Maybe they are paranoid and I have COVID. They are not mutually exclusive concepts.
But there are no tests so we just abide by low-risk behaviour patterns.
At 9 am I ring Jono. He is in bed with a bad cold and can hardly speak. I tell him I will ring Eva, our sister in Freiburg, to explain how we are really not comfortable about her going back to work as a nurse in the hospital. Even (especially) if it’s to help with the current emergency.
He is relieved.
I call Eva and we have a long conversation. She has decided to do all that she can to avoid this scenario. Her case is strong: slipped disc and other issues, plus age, she is 60, plus elderly mother in her care.
I am so relieved she is taking this approach. She is the linchpin of her household and if she were to get ill everything would tumble down.
Phew. One less worry.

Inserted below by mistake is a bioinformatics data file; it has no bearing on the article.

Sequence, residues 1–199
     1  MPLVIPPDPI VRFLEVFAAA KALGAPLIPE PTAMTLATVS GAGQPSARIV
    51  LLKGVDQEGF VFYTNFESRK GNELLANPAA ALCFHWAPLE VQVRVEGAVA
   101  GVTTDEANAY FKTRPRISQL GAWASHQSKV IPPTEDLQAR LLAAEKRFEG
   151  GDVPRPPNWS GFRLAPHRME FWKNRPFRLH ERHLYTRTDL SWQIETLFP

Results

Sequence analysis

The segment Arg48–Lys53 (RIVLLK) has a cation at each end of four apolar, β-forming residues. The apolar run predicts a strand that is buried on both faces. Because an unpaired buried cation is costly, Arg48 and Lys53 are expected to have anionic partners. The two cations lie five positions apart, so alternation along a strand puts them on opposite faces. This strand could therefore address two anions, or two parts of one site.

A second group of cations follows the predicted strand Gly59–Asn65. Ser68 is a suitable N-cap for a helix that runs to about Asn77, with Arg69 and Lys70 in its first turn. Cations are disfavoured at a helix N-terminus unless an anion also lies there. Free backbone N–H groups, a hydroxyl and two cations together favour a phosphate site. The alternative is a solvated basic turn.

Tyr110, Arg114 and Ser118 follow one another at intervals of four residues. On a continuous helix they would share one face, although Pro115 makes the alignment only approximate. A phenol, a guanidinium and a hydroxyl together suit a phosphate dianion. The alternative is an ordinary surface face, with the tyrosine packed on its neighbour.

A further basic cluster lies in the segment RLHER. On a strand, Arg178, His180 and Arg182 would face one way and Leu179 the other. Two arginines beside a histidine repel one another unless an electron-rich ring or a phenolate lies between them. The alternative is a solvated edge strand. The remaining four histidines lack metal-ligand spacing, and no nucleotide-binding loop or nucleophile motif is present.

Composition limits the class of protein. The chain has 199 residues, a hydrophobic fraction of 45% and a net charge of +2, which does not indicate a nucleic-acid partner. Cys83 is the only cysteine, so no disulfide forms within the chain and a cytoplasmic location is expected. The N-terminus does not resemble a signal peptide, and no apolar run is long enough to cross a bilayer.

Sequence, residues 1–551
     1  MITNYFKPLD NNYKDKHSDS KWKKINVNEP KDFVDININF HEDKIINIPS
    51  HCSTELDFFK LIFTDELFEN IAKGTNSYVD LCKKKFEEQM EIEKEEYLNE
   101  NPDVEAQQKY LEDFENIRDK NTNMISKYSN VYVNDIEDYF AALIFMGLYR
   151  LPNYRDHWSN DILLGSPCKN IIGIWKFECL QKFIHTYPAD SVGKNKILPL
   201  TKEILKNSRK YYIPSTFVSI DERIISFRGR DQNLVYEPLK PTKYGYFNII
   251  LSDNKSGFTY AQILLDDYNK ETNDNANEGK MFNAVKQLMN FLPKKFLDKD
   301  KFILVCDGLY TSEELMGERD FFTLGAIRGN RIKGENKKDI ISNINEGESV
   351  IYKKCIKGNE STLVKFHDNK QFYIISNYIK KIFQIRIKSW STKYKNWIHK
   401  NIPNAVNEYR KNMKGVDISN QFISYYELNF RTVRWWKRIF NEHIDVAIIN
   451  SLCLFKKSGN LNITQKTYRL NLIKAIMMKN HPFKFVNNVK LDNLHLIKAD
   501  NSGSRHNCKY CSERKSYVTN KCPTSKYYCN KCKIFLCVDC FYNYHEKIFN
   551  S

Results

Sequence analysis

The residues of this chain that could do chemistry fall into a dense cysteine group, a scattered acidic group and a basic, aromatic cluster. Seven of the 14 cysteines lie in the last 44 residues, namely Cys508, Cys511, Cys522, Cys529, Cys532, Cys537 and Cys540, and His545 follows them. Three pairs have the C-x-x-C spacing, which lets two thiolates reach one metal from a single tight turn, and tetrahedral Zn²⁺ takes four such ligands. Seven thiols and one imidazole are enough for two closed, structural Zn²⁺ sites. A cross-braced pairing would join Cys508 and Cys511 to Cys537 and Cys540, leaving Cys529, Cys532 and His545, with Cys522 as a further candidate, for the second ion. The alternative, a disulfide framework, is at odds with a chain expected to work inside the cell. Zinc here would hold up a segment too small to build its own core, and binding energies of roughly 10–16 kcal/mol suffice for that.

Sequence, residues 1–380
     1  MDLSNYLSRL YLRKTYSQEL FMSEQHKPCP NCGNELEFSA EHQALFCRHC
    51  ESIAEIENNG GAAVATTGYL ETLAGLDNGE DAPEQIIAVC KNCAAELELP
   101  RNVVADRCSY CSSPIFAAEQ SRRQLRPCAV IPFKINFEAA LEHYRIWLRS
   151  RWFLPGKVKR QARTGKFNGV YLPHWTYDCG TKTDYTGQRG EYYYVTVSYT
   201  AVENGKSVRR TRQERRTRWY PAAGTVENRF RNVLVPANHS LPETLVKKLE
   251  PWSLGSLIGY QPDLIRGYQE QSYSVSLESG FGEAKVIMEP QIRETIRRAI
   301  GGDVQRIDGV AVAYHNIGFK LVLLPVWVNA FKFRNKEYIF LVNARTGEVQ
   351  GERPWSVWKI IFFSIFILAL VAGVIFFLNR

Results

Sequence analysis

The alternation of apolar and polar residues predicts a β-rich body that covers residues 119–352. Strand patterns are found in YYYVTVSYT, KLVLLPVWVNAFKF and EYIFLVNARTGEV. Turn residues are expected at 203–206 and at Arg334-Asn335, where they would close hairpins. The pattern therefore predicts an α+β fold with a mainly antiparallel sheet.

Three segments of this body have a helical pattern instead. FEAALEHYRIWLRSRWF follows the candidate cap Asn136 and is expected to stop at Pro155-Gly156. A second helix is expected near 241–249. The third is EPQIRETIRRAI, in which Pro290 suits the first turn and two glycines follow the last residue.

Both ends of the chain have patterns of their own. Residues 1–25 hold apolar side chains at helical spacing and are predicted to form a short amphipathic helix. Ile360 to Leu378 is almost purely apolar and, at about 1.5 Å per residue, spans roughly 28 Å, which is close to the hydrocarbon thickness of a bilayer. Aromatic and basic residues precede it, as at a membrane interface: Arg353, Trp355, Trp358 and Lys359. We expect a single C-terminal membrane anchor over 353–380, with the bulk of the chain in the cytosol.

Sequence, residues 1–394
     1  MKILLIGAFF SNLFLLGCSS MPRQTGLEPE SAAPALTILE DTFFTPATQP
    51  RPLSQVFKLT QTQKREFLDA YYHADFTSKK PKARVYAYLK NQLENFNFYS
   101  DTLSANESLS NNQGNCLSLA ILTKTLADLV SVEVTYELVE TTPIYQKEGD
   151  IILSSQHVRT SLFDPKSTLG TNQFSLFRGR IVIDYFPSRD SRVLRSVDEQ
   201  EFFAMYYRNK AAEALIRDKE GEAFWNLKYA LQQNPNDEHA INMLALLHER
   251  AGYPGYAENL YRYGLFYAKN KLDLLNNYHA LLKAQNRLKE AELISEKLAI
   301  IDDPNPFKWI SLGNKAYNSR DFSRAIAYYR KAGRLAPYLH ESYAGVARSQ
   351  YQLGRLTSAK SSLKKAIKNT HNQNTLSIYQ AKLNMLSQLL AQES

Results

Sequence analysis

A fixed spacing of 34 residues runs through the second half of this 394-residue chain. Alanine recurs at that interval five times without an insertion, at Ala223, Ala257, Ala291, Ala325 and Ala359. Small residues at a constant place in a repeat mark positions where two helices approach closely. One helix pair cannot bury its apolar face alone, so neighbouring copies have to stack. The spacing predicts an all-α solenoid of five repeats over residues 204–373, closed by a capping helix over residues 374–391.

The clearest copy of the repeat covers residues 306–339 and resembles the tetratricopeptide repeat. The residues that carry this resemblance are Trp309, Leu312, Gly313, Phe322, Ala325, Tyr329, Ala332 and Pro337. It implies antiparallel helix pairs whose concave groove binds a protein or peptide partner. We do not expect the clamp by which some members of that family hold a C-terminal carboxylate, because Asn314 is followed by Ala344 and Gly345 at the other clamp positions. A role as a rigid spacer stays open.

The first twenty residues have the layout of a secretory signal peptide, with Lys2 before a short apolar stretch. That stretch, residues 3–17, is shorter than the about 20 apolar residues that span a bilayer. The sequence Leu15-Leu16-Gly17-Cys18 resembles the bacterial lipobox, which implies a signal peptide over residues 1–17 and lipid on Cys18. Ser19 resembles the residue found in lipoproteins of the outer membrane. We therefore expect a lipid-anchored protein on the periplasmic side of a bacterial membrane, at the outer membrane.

Daniel arrives. His car is broken. He calls the mechanic but he cannot take it down because they work in Buonconvento, a different municipality.
Late morning: Avni arrives and asks me to print out a series of photos for his daughter who is doing a project on Albania:
- stuffed peppers
- a walnut and honey cake.
I have not yet had breakfast. Face mask on: *pop* over left ear, *twang* over right and head off to the kitchen to eat bread, peanut butter and honey.
Hot off the press is that BJ has the virus. I am not happy as I wouldn’t wish it on anyone, yet somehow … could this be called karma?
Last night I saw him talking about the new tests which are being developed, to check for antibodies.
Once again weird Boris is using weird imagery. Not a sombrero this time but a pregnancy test.
Perhaps Boris has a lot of experience in pregnancy tests and knows how long they take?
Many people don’t and will wonder what on earth he is talking about.
What takes longer: singing happy birthday, squashing a sombrero or doing a pregnancy test? Or testing for COVID-19 antibodies?
When Daniel tells Avni that his car is broken, the frosty atmosphere between them is broken too; now they can bond.
Their row of three days ago fades, wafting away with the clouds and the morning mist, southwards towards the Monte Amiata.
Daniel heads down to finish the labelling for the LCBO (Liquor Control Board of Ontario).